The Influencers vs. the Jews

Among those egging on the recent wave of anti-Semitic assaults and incidents were not only Islamist propagandists, left-wing politicians, and Iran, but also a number of celebrities and so-called “influencers”—those whose impressive social-media followings give them a podium to shape opinions and tastes on a large scale. Ayaan Hirsi Ali comments on their role:

Take the supermodel Bella Hadid, who, as Daniella Greenbaum Davis has pointed out, has almost four-times as many Instagram followers as there are Jews in the entire world. In response to the conflict, she joined a pro-Palestinian protest in Brooklyn, chanting: “From the river to the sea, Palestine will be free”—an anti-Semitic slogan coined by the Palestine Liberation Organization to call for the elimination of Israel. Until recently, it was a chant frequently associated with the likes of Hamas. . . . But in today’s hysterical climate, one of the West’s most famous celebrities can use it and expect applause.

It is my opinion that Ms. Hadid was unaware of the context and history of the chant; I do not believe she understood she was calling for the elimination of Israel, or the expulsion or genocide of the Jewish people. Similarly, I do not believe that she, nor her niece’s father, the singer Zayn Malik, understood the implications of describing Israel as a “colonizer.”

Yet we must not ignore the fact that such descriptions have a pernicious impact on society at large. . . . Jewish communities across the world are already experiencing the fall-out from a new wave of anti-Semitism that has been legitimized by celebrity activists. [On May 20], Joseph Borgen was attacked by a group of pro-Palestinian activists in New York City’s Times Square. They reportedly beat him with a crutch, sprayed him with mace, called him a “dirty Jew,” and explained that “Hamas is going to kill all of you.” Remarkably, a photo of one of the men accused of assaulting Borgen, Waseem Awawdeh, recently appeared in a now-deleted Instagram photo posted by Bella Hadid from a pro-Palestinian protest.

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Read more at UnHerd

More about: Anti-Semitism, Celebrity, Social media

 

Salman Rushdie and the Western Apologists for Those Who Wish Him Dead

Aug. 17 2022

Ayatollah Ruhollah Khomeini, the founder and supreme leader of the Islamic Republic of Iran, issued a fatwa (religious ruling) in 1989 calling for believers to murder the novelist Salman Rushdie due to the content of his novel, The Satanic Verses. Over the years, two of the book’s translators have been stabbed—one fatally—and numerous others have been injured or killed in attempts to follow the ayatollah’s writ. Last week, an American Shiite Muslim came closer than his many predecessors to killing Rushdie, stabbing him multiple times and leaving him in critical condition. Graeme Wood comments on those intellectuals in the West who have exuded sympathy for the stabbers:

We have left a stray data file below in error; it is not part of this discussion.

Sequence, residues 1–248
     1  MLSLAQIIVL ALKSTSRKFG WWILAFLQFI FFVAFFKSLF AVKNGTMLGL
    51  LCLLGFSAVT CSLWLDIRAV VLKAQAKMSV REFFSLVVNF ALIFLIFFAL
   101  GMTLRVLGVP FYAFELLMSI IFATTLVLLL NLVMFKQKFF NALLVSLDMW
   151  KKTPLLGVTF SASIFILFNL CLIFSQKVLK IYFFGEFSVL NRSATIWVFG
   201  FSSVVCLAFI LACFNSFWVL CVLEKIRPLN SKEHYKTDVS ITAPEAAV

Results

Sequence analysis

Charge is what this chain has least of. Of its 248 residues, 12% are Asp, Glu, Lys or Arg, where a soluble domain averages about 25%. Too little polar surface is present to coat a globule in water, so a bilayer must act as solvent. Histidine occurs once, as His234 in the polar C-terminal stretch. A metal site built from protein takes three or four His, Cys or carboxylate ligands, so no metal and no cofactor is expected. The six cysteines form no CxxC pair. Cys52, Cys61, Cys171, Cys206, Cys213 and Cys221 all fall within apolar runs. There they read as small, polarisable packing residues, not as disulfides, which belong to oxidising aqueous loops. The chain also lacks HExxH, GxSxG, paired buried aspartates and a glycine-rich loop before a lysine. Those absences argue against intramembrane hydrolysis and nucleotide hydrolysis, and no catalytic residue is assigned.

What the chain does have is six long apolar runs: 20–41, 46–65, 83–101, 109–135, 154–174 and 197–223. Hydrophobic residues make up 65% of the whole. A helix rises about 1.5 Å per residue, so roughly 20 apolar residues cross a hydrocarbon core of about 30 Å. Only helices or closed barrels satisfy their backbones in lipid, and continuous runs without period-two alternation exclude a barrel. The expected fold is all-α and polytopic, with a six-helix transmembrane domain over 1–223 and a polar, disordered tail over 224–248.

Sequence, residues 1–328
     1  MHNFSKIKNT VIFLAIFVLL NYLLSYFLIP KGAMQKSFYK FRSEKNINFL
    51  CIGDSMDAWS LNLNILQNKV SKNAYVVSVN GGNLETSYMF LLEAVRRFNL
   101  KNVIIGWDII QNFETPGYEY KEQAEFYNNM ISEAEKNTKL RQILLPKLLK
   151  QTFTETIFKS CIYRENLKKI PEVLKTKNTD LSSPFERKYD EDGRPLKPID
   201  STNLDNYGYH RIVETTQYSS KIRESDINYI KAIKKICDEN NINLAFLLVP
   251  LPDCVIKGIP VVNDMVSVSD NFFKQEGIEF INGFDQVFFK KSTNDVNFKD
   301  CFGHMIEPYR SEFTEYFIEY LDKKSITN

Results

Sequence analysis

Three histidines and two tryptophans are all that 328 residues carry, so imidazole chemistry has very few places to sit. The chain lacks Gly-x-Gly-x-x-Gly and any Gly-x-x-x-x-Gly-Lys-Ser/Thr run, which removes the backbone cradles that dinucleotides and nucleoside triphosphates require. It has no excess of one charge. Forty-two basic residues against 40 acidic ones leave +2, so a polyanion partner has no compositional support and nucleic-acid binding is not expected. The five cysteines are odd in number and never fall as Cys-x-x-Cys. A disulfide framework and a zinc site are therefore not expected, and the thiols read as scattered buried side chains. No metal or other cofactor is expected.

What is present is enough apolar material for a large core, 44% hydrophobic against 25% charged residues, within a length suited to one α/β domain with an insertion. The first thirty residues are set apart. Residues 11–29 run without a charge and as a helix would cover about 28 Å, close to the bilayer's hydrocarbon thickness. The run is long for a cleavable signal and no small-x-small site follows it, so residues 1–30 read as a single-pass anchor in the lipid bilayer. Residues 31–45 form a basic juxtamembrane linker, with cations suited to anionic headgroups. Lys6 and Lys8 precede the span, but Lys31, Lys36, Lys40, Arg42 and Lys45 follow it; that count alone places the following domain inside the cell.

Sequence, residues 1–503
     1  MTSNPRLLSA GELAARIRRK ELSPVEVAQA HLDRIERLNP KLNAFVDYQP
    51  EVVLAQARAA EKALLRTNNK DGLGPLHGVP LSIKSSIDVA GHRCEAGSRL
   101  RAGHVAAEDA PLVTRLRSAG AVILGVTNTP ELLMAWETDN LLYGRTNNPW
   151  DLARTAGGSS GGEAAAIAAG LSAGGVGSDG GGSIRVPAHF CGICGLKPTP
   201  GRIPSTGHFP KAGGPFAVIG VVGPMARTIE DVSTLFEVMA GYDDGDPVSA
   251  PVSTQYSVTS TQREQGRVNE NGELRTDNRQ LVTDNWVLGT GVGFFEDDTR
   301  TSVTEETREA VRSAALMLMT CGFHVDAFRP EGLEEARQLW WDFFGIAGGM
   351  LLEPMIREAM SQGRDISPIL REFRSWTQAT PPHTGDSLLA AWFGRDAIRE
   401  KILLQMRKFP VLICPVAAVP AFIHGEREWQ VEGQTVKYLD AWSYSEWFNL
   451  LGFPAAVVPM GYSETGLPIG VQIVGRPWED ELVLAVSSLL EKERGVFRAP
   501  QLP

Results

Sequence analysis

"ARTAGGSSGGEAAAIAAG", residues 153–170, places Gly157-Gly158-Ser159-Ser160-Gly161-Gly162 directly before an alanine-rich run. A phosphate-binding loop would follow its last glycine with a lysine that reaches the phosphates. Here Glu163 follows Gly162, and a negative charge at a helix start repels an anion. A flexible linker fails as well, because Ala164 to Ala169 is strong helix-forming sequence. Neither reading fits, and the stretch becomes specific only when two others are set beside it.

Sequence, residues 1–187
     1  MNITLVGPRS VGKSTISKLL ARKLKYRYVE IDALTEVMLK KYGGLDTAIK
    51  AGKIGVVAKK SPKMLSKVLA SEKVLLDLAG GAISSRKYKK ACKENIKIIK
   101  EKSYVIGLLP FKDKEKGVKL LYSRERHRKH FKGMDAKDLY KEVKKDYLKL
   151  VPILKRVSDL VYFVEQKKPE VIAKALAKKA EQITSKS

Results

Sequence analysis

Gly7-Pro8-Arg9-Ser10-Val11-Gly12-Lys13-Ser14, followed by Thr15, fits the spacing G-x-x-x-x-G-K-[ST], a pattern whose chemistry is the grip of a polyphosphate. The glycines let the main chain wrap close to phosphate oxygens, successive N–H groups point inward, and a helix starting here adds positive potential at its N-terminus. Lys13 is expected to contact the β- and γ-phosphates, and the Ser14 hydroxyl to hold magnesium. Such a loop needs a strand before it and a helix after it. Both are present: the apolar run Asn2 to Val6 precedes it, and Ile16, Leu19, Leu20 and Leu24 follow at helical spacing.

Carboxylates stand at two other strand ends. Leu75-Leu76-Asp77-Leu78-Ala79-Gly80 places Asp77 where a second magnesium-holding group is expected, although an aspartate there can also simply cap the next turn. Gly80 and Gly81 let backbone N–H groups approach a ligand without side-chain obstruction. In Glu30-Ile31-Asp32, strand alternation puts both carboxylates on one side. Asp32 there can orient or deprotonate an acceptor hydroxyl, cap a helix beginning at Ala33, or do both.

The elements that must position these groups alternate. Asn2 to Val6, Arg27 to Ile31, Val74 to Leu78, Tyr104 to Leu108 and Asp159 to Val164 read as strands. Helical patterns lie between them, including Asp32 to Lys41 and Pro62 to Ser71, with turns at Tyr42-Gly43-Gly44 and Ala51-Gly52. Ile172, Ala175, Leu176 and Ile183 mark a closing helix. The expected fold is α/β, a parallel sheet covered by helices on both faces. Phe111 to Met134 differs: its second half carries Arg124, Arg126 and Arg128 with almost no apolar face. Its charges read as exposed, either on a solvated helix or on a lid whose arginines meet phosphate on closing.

In 1989, the reaction to the fatwa was split three ways: some supported it; some opposed it; and some opposed it, to be sure, but still wanted everyone to know how bad Rushdie and his novel were. This last faction, Team To Be Sure, took the West to task for elevating this troublesome man and his insulting book, whose devilry could have been averted had others been more attuned to the sensibilities of the offended.

The fumes are still rising off of this last group. The former president Jimmy Carter was, at the time of the original fatwa, the most prominent American to suggest that the crime of murder should be balanced against Rushdie’s crime of blasphemy. The ayatollah’s death sentence “caused writers and public officials in Western nations to become almost exclusively preoccupied with the author’s rights,” Carter wrote in an op-ed for the New York Times. Well, yes. Carter did not only say that many Muslims were offended and wished violence on Rushdie; that was simply a matter of fact, reported frequently in the news pages. He took to the op-ed page to add his view that these fanatics had a point. “While Rushdie’s First Amendment freedoms are important,” he wrote, “we have tended to promote him and his book with little acknowledgment that it is a direct insult to those millions of Moslems whose sacred beliefs have been violated.” Never mind that millions of Muslims take no offense at all, and are insulted by the implication that they should.

Over the past two decades, our culture has been Carterized. We have conceded moral authority to howling mobs, and the louder the howls, the more we have agreed that the howls were worth heeding. The novelist Hanif Kureishi has said that “nobody would have the [courage]” to write The Satanic Verses today. More precisely, nobody would publish it, because sensitivity readers would notice the theological delicacy of the book’s title and plot. The ayatollahs have trained them well, and social-media disasters of recent years have reinforced the lesson: don’t publish books that get you criticized, either by semiliterate fanatics on the other side of the world or by semiliterate fanatics on this one.

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Read more at Atlantic

More about: Ayatollah Khomeini, Freedom of Speech, Iran, Islamism, Jimmy Carter